This article was originally published by Radio Free Asia and is reprinted with permission.
Authorities in China are cracking down on widespread gaming among minors, limiting anyone under 18 to just three hours’ online gaming per week, the country’s press, publications, and gaming censor said in a statement.
Gaming companies have been ordered to impose strict time limits on online gaming for minors, in order to prevent them from overindulging and to protect their physical and mental health, the General Administration of Press and Publications (GAPP) said in an Aug. 30 directive on its official website.
“Online gaming companies may only provide minors with one-hour online gaming slots from 20 to 21:00 on Friday, Saturday, Sunday, and statutory holidays,” the order said.
The move is a drastic cut in permitted gaming time, which was set at one-and-a-half hours on all weekdays and three hours at weekends, with no gaming allowed after 10.00 p.m.
Service providers Tencent and NetEase have already set up real-name identification systems to identify minors, as well as facial recognition technology that can tell if an underage player is using an adult login.
Now, all underage users in China will be required to register with their real names, while all online games must be integrated with the GAPP’s anti-addiction verification system, it said.
No users will be allowed to access online games unless they have logged in according to the new rules, it said.
GAPP officials at all levels of government have also been ordered to step up supervision and inspection of online gaming companies’ performance regarding the new rules, which take effect from Sept. 1, 2021.
About 62.5 percent of Chinese minors often play games online, while 13.2 percent of underage mobile game users play mobile games for more than two hours a day on weekdays, according to state media.
Complaints of addiction
In 2017, Tencent Holdings said it would limit play time for some young users of its flagship mobile game “Honor of Kings,” a response to complaints from parents and teachers that children were becoming addicted.
The authorities have also become increasingly concerned over rising rates of myopia among young people.
On Aug. 3, state media denounced online gaming as “mental opium” and “electronic drugs,” naming “the Honor of Kings” as a key example.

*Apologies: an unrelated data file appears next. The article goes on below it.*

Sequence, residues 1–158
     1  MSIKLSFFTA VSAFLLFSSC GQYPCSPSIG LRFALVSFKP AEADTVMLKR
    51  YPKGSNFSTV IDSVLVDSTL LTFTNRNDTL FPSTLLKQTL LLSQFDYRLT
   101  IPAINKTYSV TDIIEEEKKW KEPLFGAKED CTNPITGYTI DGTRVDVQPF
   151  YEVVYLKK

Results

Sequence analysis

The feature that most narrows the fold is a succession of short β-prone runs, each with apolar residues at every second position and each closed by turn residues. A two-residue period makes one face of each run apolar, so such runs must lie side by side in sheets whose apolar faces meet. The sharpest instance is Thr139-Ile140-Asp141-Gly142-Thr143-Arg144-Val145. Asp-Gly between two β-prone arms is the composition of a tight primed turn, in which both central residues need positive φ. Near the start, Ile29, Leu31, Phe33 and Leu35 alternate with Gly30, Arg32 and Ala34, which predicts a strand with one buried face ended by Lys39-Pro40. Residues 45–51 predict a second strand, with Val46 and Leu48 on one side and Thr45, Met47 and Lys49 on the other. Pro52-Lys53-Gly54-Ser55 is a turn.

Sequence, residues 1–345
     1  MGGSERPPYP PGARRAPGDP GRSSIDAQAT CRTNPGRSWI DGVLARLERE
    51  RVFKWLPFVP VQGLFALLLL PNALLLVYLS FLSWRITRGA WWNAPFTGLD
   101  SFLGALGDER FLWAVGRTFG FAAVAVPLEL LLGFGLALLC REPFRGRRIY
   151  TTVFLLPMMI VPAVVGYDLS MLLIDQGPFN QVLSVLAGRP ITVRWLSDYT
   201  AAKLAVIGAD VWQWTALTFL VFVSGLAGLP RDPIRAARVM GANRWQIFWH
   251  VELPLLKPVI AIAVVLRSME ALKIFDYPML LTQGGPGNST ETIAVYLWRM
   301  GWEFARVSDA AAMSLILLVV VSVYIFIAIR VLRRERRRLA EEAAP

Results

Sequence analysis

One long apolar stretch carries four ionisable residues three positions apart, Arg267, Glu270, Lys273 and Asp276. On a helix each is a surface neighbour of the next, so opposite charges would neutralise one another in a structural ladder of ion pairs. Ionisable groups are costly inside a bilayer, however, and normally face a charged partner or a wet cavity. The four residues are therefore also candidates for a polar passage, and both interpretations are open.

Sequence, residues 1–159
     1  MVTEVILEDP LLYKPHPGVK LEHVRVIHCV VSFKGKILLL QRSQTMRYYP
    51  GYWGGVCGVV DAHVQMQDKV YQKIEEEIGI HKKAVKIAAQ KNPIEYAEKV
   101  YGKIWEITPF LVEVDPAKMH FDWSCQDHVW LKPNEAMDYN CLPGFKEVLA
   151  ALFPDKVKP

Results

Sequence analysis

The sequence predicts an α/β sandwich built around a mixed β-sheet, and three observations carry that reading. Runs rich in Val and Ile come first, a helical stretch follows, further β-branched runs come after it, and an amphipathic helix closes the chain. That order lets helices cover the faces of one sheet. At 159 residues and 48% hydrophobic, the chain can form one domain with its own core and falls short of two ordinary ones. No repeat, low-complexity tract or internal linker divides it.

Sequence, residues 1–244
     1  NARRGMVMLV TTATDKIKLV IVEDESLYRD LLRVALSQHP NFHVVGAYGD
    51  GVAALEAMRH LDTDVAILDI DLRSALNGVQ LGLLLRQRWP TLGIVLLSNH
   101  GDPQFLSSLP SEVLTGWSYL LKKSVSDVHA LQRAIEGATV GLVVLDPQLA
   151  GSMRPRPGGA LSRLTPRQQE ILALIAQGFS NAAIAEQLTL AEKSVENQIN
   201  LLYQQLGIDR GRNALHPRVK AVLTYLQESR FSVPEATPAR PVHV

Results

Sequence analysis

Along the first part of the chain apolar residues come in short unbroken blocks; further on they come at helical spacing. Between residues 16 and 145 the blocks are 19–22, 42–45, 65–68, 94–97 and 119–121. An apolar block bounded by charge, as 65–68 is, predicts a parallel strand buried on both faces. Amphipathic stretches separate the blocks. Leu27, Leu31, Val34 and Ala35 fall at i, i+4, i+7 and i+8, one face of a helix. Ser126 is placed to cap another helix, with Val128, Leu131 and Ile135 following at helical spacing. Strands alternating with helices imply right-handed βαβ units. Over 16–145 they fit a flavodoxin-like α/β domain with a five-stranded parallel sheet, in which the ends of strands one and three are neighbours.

Primary school teacher and keen gamer Yuan Changquan said the rules are somewhat draconian, however.
“It’s a bit heavy-handed and simplistic to use such methods to supervise children, who should have the freedom to make their own choices,” Yuan told RFA.
“Also, a lot of young people play games now because there aren’t many jobs.”
Crackdown success uncertain
Chongqing-based educator Meng Xing said it wasn’t entirely clear whether the government would be able to implement the new rules.
“Underage people will still be able to use their parents’ ID to log on,” Meng said. “They tried to bring out new rules forbidding minors from logging onto live streams in the past, but hundreds of thousands of them are doing it.”
“Of course they will crack down hardest on the better-known games like ‘Honor of Kings,” Meng said. “Whether or not they will succeed in implementing this with the lesser-known games is another matter.”
Meng said the anti-gaming policy for minors was part and parcel of recent moves to abolish primary school examinations and out-of-school tutoring schools, in a bid to take the pressure off children and parents to excel, and to encourage couples to consider having more children.
“Xi Jinping has in mind a utopian ideal of the Chinese dream,” U.S.-based political commentator Wang Juntao told RFA in a recent interview.
“The cream of this society are men like him and women like [his wife] Peng Liyuan,” Wang said. “Everyone else is just supposed to do whatever the party tells them to do.”
“Ordinary people are just cogs in the machine. They’re not to play video games, but should spend the day working hard and study the party constitution in the evenings,” he said.